Thursday, 24 May 2018

Theories of Surplus Value, Part II, Chapter 16 - Part 1


[1. Individual Instances in Which Ricardo Distinguishes Between Surplus-Value and Profit]

“It has already been shown in some detail, that the laws of surplus-value—or rather of the rate of surplus-value—(assuming the working-day as given) do not so directly and simply coincide with, nor are they applicable to, the laws of profit, as Ricardo supposes. It has been shown that he wrongly identifies surplus-value with profit and that these are only identical in so far as the total capital consists of variable capital or is laid out directly in wages; and that therefore what Ricardo deals with under the name of “profit” is in fact surplus-value. Only in this case can the total product simply be resolved into wages and surplus-value. Ricardo evidently shares Smith’s view, that the total value of the annual product resolves itself into revenues. Hence also his confusion of value with cost-price.” (p 426) 

As said previously, by “cost-price”, Marx means here price of production

Marx sets out a number of ways in which the rate of profit differs from the rate of surplus value. The rate of profit can rise or fall as a result of a rise or fall in rent. Marx doesn't mean a change in the rate of profit of enterprise here, i.e. the profit left over after the payment of rent and interest. He means the effect of changes in rent arising from variations in the organic composition of capital in agriculture as opposed to industry, which affects absolute rent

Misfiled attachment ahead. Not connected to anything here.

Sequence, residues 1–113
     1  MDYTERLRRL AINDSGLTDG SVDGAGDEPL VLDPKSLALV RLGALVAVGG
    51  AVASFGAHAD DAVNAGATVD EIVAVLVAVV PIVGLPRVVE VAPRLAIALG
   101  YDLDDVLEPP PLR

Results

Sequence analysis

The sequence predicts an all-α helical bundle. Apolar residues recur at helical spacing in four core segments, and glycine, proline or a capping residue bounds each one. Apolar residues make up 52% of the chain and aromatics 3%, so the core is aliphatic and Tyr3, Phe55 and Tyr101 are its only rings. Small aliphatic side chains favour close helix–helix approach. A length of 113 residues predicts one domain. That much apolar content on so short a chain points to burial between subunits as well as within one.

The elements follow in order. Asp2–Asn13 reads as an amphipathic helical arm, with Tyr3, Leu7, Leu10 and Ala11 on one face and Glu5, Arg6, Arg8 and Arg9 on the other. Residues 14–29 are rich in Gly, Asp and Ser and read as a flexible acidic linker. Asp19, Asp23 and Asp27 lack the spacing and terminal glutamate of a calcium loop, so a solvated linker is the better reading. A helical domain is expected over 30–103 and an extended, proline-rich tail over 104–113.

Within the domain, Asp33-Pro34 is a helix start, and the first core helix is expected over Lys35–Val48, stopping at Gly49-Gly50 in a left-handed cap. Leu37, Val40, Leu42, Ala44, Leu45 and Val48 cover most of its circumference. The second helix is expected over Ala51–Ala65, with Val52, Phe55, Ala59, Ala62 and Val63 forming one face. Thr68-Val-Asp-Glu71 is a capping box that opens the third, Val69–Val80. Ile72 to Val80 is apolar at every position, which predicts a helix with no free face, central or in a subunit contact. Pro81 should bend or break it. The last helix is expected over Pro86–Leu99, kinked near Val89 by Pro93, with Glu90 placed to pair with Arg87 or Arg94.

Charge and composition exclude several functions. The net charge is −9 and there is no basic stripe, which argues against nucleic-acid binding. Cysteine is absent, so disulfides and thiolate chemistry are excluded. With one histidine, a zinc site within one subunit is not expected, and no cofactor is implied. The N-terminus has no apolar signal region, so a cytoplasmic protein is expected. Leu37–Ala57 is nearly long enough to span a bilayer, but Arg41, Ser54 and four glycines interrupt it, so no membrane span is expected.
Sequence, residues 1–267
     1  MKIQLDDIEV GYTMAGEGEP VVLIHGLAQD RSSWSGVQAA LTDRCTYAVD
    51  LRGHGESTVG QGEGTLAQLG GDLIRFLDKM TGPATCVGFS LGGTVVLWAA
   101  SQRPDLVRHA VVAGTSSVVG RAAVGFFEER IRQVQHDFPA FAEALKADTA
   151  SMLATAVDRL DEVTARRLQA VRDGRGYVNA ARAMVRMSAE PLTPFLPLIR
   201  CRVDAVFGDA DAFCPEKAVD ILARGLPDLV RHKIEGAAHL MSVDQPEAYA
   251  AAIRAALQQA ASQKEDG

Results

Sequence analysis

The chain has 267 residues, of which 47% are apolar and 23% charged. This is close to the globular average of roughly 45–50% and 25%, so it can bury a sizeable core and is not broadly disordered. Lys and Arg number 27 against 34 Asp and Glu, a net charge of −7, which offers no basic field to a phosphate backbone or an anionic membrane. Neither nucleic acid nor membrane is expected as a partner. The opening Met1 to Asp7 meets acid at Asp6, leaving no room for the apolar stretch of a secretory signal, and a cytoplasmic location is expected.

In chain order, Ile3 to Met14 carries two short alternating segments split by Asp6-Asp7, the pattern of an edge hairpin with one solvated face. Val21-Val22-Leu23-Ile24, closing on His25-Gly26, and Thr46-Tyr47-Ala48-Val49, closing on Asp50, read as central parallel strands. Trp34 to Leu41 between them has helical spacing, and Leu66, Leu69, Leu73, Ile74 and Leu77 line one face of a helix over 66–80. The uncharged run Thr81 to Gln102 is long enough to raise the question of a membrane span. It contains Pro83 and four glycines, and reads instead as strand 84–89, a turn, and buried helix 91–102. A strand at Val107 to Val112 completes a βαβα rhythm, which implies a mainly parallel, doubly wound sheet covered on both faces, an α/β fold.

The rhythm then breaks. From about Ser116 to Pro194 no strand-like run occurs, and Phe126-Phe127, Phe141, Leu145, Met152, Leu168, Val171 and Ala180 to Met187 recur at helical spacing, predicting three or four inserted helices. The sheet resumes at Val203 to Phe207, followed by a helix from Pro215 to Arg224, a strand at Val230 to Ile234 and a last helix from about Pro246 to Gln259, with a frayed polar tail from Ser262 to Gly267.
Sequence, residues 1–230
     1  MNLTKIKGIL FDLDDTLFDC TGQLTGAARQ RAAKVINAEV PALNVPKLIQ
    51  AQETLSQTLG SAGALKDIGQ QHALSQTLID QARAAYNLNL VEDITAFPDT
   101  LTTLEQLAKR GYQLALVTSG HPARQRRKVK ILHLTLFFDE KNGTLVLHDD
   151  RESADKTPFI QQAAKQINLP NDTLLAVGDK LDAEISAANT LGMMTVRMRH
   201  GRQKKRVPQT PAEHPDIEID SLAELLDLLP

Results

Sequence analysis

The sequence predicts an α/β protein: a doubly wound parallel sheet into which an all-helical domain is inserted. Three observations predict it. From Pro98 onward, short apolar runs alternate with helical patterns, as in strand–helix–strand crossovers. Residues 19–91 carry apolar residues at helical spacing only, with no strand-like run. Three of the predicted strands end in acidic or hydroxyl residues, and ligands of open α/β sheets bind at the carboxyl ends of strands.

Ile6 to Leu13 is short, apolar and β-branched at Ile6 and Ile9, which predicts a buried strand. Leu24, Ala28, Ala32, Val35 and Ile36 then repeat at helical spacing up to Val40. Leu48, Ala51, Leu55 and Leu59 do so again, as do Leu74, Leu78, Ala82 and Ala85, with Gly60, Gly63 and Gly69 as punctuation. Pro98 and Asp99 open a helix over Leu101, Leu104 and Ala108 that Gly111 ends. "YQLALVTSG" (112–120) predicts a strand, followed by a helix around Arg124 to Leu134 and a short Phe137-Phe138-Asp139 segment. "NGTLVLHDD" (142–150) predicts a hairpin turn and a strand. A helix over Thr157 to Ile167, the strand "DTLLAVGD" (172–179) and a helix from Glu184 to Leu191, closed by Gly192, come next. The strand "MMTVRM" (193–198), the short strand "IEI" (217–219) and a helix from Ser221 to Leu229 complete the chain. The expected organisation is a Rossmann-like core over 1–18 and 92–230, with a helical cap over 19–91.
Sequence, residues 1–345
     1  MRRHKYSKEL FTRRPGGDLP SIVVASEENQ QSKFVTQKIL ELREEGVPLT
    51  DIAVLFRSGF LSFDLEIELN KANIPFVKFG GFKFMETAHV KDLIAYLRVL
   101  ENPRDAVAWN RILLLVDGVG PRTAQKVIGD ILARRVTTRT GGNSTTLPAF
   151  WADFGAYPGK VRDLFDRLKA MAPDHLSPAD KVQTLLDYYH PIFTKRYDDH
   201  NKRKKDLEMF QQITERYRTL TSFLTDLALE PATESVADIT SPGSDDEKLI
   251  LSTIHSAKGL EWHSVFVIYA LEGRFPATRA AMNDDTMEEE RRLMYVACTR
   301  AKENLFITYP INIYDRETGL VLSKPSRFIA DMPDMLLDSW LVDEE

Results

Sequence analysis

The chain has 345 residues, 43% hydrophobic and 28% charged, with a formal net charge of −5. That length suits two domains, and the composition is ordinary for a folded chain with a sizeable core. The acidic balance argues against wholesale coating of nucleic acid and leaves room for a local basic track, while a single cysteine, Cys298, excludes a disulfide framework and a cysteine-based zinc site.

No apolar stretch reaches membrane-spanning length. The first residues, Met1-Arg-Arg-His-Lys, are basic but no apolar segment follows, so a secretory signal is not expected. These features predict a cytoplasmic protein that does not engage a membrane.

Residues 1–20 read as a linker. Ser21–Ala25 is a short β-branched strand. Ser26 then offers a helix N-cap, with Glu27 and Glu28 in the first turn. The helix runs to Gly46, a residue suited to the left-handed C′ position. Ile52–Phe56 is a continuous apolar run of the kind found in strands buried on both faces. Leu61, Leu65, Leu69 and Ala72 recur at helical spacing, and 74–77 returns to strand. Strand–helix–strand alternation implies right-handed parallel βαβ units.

The total amount of profit is equal to the total of surplus value. However, the total amount of surplus value depends not only on the rate of surplus value, but on the quantity of labour exploited. The same mass of surplus value can be produced by a smaller number of workers with a high rate of surplus value as by a larger number of workers with a lower rate of surplus value. 

“The same amount of profit is therefore possible, with a falling rate of surplus-value and a rising number of workers and vice versa, etc.” (p 426) 

If the rate of surplus value is given, the rate of profit depends on the organic composition of capital. It is to be noted that this applies to the rate of profit rather than the annual rate of profit, for reasons that Marx comes to momentarily. 

With a given mass of surplus value, and composition of capital, the rate of profit will be affected by changes in the value of different components of the capital. This is the point that Marx makes in Chapter 6 of Capital III, dealing with variations in the prices of raw materials etc. And, to return to the point referred to previously, in relation to the rate of profit as opposed to the annual rate of profit, it will vary according to changes in the rate of turnover of the capital

As a result of his own analysis, Ricardo should have been led to distinguish between surplus value and profit, and between the rate of surplus value and rate of profit. But he doesn't, and this leads to his failure to understand the difference between exchange value and price of production. With no objective basis to determine the quantity of surplus value, and thereby of profit, “he appears in some passages to descend to the vulgar view—as has already been indicated in the analysis of Chapter I “On Value”—the view that profit is a mere addition over and above the value of the commodity; for instance when he speaks of the determination of profit on capital in which the fixed capital predominates, etc.” (p 427)

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